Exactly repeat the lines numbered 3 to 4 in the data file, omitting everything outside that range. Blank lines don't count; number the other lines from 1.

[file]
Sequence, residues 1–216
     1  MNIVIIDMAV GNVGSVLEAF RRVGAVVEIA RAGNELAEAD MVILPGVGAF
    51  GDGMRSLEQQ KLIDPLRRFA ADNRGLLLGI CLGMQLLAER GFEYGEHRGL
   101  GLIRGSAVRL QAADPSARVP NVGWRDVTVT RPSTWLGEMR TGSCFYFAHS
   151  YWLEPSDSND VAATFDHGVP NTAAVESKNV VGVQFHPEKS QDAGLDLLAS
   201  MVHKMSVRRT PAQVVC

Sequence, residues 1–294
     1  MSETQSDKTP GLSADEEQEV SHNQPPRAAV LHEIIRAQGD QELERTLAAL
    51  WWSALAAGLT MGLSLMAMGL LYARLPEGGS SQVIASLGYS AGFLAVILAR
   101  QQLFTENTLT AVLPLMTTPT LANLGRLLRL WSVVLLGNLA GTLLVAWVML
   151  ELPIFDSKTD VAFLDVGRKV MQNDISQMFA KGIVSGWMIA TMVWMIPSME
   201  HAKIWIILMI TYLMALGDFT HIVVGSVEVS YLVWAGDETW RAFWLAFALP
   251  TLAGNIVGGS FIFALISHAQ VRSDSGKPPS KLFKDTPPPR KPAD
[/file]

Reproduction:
    51  GDGMRSLEQQ KLIDPLRRFA ADNRGLLLGI CLGMQLLAER GFEYGEHRGL
   101  GLIRGSAVRL QAADPSARVP NVGWRDVTVT RPSTWLGEMR TGSCFYFAHS